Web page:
"Once paper, pen-and-ink-well have been brought to the table, Victor Hugo sits down and without making a preliminary sketch, without any apparent preconception, sets about drawing with an extraordinarily sure hand not the landscape as a whole but any old detail. He will begin his forest with the branch of a tree, his town with a gable, his gable with a weathervane, and little by little, the entire composition will emerge from the blank paper with the precision and clarity of a photographic negative subjected to the chemical preparation that brings out the picture. That done, the draftsman will ask for a cup and will finish off his landscape with a light shower of black coffee. The result is a unexpected and powerful drawing that is often strange, always personal, and recalls the etchings of Rembrandt and Piranesi." ---Charles Hugo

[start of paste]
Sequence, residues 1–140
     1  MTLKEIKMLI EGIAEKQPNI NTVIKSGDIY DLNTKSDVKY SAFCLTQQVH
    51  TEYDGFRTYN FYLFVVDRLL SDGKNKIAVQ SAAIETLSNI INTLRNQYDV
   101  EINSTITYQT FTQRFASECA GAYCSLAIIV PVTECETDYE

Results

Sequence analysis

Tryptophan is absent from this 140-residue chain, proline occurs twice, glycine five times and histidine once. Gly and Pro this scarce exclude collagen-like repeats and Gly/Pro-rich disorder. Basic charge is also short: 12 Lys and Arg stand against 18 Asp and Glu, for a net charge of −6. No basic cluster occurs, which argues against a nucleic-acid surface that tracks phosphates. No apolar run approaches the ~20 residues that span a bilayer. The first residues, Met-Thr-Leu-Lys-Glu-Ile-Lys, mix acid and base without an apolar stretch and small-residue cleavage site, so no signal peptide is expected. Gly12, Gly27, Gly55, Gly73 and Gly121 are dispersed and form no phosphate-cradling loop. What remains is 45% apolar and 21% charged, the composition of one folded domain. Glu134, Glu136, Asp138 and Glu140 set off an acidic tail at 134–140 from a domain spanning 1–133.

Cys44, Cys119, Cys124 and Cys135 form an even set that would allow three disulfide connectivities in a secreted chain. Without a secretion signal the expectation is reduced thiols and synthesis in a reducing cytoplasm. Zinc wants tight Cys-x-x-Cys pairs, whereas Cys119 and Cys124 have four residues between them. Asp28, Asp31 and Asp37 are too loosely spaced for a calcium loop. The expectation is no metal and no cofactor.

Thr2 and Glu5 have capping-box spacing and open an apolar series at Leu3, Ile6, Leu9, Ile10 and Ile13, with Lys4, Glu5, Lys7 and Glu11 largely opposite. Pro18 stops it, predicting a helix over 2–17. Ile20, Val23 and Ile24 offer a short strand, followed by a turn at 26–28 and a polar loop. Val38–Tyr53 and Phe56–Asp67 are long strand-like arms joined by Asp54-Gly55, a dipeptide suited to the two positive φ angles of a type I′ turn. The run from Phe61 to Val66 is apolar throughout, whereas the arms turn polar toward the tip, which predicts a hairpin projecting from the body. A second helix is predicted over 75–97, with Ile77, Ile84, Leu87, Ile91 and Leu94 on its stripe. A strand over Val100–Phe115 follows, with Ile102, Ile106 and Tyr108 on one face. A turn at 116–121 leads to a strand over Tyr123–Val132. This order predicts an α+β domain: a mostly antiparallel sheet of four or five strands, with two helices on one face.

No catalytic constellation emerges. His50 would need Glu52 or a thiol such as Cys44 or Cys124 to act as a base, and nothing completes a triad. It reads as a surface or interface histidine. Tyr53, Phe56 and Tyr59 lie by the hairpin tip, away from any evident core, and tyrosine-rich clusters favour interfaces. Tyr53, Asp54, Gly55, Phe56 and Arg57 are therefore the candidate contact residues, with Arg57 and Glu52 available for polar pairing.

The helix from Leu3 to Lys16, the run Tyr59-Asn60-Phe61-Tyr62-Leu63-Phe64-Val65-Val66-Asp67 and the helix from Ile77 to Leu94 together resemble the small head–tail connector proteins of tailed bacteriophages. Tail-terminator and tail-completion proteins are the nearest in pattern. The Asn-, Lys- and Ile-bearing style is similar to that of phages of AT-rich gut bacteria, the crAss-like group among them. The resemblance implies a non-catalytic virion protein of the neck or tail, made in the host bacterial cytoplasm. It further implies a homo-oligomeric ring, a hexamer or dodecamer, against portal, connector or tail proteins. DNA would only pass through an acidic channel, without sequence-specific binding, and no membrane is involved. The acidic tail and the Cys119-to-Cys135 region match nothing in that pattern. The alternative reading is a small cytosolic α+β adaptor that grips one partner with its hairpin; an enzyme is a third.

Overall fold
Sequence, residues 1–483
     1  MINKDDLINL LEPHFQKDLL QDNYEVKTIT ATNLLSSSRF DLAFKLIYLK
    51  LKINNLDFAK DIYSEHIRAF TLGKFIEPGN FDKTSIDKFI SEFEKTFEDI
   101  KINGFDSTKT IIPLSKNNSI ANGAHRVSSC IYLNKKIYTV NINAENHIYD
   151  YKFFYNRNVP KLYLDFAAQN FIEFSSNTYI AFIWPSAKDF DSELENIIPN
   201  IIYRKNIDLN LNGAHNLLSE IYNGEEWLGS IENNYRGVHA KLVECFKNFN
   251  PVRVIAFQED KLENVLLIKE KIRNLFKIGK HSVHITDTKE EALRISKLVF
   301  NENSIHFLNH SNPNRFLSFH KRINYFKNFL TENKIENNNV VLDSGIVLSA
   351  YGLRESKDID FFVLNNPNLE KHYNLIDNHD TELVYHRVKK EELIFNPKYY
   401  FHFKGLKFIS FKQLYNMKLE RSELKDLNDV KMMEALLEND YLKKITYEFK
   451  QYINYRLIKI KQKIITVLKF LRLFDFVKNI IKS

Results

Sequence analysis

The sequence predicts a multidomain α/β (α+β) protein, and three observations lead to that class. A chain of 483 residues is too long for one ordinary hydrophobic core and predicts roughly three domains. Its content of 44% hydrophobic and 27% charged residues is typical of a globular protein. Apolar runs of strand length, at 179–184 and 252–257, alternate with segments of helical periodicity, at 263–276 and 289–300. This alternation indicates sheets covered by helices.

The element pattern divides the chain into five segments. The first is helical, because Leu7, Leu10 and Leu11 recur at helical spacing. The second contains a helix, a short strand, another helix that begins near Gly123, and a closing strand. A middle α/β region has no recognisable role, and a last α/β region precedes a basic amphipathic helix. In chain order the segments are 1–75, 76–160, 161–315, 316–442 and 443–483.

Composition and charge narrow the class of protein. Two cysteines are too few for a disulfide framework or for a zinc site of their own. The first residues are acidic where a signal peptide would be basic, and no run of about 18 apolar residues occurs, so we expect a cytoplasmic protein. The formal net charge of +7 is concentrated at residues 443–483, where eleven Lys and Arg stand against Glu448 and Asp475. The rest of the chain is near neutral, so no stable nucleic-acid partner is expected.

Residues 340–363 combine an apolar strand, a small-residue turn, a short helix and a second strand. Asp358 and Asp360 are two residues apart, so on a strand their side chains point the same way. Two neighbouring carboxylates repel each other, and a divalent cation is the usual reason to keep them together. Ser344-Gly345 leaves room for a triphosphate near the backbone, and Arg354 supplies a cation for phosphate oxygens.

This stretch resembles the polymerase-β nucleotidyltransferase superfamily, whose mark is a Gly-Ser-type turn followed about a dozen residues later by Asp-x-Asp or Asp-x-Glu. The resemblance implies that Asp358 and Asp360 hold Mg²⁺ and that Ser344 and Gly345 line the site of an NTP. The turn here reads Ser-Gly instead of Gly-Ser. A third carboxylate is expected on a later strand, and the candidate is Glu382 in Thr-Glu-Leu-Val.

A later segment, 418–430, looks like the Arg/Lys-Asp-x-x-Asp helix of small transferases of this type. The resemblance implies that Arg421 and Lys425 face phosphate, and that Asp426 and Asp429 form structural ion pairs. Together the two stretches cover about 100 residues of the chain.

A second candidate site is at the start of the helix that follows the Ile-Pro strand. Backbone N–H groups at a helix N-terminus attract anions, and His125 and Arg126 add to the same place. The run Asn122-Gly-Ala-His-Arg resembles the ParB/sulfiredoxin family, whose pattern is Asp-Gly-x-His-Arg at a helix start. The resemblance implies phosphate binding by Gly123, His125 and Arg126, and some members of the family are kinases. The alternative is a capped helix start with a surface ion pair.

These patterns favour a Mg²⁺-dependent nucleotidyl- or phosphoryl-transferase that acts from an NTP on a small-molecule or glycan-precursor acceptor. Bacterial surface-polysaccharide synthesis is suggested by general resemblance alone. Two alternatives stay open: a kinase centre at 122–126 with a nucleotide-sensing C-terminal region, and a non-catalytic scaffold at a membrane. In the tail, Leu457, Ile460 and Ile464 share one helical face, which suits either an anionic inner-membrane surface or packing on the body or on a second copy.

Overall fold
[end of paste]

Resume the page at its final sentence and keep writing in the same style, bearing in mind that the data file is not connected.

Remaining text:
Ruined Aqueduct  ca. 1850
Pen, brown-ink wash, black ink, graphite, black crayon, fingerprints and reserves (stencilling) on beige, gilt-edged vellum paper, partly rubbed (taches on verso) 9x12 in.

The Drawings of Victor Hugo